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I'm creating a language lesson and I'd like to include an example sentence for 'acabar de', in the infinitive.

I came up with the following sentence, but my native Spanish speaking friend says it's incorrect:

Era rudo acabar de llegar, siendo que el evento comenzó hace una hora.
It was rude to have just arrived, being that the event started an hour ago.

My friend had to leave before she could explain why the sentence is incorrect, so now I turn to this community. What is wrong with the sentence?

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    "rudo" is a false cognate. We generally don't translate "rude" as "rudo" but as "descortés" or "de mala educación". Apart from that, your example sounds strange. "acabar de llegar" does not mean "llegar recién entonces" (to have arrived only then = so late).
    – Gustavson
    Aug 21 '17 at 23:48
  • Voting to close. You might be able to rescue this question by limiting it to asking about usage of "acabar" -- but please don't ask us to proofread your brute force translation of an English sentence, or fish for the translation of a particular word such as "rude" in this way. // Note that you seem to be hoping for too much from Google Translate. Aug 22 '17 at 1:12
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    Thanks @aparente001 for the feedback. I'll update the question (hopefully to something that is appropriate). Aug 22 '17 at 2:06
  • Relevant discussion in Meta about this question: Let's not answer questions that are not well posed Aug 22 '17 at 10:25
  • @walen "rudo" would not sound right in that sentence.
    – Gustavson
    Aug 22 '17 at 17:01
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Your example is not ungrammatical but semantically dubious. If we change "rudo" to "descortés" or "de mala educación" as I suggested in my comment on your question and "comenzó" to "había comenzado" (perhaps even in English "being that the event had started an hour before" would be more appropriate), the result would be somewhat better:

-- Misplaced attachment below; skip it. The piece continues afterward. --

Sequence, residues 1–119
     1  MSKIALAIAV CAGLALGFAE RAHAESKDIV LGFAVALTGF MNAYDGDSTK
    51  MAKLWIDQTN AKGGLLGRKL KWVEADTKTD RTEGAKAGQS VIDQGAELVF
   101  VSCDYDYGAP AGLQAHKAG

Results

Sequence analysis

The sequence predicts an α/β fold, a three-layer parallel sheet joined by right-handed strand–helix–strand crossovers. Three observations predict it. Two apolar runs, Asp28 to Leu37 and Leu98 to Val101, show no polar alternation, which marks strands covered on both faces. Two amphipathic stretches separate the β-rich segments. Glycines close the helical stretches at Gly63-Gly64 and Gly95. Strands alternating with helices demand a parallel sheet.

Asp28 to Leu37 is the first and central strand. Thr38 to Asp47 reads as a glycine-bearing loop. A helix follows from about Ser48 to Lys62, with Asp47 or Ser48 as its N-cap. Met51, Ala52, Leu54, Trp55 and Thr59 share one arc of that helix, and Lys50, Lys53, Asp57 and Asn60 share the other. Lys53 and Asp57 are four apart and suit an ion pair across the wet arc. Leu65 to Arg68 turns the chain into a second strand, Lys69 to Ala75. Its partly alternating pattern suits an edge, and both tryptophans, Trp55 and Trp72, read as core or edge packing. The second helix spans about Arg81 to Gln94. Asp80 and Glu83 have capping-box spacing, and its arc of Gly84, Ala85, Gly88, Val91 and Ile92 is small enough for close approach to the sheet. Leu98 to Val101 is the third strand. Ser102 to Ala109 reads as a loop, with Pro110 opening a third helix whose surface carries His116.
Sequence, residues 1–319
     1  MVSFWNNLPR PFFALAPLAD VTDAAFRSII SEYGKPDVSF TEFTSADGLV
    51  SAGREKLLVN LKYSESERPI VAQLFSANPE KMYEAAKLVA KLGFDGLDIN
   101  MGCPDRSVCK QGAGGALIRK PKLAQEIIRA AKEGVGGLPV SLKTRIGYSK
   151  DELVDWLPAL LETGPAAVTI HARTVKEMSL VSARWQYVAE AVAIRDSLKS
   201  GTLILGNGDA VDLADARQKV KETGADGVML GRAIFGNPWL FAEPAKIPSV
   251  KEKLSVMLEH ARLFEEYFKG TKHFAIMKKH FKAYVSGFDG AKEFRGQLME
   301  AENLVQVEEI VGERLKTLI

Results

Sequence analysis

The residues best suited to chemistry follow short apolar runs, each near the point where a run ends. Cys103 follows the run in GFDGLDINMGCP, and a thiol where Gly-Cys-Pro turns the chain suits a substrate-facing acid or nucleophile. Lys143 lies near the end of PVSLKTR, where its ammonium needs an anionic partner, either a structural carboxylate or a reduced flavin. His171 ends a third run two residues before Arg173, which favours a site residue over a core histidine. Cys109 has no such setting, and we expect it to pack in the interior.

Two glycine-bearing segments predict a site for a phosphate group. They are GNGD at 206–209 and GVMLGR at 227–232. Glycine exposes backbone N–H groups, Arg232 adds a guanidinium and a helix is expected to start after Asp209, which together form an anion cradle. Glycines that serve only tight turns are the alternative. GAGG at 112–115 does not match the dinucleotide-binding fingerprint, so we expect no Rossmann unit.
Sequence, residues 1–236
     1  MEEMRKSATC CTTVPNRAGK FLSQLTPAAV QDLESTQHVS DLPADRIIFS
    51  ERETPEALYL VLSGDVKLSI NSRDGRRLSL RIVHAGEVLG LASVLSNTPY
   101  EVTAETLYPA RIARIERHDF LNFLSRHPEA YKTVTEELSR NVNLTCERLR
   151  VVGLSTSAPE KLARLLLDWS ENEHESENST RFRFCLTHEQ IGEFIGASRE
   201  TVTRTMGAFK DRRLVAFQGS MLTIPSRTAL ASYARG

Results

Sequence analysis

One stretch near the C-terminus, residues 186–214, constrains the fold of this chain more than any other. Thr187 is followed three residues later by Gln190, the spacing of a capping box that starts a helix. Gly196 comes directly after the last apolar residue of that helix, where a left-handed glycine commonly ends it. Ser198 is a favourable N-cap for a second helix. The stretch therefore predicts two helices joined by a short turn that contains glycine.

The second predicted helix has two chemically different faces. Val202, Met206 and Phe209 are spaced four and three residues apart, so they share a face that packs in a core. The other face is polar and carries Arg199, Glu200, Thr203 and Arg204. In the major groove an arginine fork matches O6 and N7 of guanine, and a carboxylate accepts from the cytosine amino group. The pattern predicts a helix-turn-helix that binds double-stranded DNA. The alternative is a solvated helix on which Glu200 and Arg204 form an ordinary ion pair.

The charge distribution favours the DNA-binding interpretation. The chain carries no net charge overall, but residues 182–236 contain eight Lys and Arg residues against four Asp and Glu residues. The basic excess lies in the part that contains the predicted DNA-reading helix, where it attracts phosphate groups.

Era de mala educación acabar de llegar, siendo que el evento había comenzado hacía una hora.

I'd say that the sentence above is unlikely to occur in Spanish, because -- as I also said in my comment above -- the verb phrase "acabar de llegar" is generally neutral, and your sentence seems to attribute a negative meaning to it, as if it meant: "llegar tan tarde".

If you need to use the infinitive "acabar" rather than a tensed form of that verb, a more reasonable example could be:

Era raro acabar de llegar y ya sentirse como en casa. (It was odd to have arrived so recently and already feel at home.)

Notice that "arriving recently" does not have the negative connotation of "arriving late".

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  • "Era raro acabar de llegar y ya sentirse como en casa" would be more likely to be expresses as "Era raro llegar y en seguida etc." Aug 22 '17 at 19:33
  • I see nothing wrong with that. Compare with: Era penoso acabar de casarse y ya estar discutiendo.
    – Gustavson
    Aug 22 '17 at 20:48
  • That sentence sounds a bit more convincing but for me it seems much more likely that that idea would be expressed something like this: Es penoso, acaban de casarse y ya están discutiendo, or Era penoso, acababan de casarse y ya estaban discutiendo. Aug 22 '17 at 23:43
  • Interesting: I came across the desired construction, but it has a different meaning: "[En] la época de los siglos XVIII, XIX y XX[,] España tiene que acabar de luchar contra la revolución religiosa, con la que ya luchó en la época anterior." hispanoteca.eu/Landeskunde-Spanien/Historia/… Here it means, "Spain must finish fighting etc." Aug 22 '17 at 23:54
  • @aparente001 "acabar de" can mean both things, "just did" or "finish doing". An infinitival clause is very often equivalent to a noun clause: Era penoso acabar de casarse y ya estar discutiendo = Era penoso que acabaran de casarse y ya estuvieran discutiendo. Notice that in both cases the construction after "era penoso" is the subject of the sentence.
    – Gustavson
    Aug 23 '17 at 0:36

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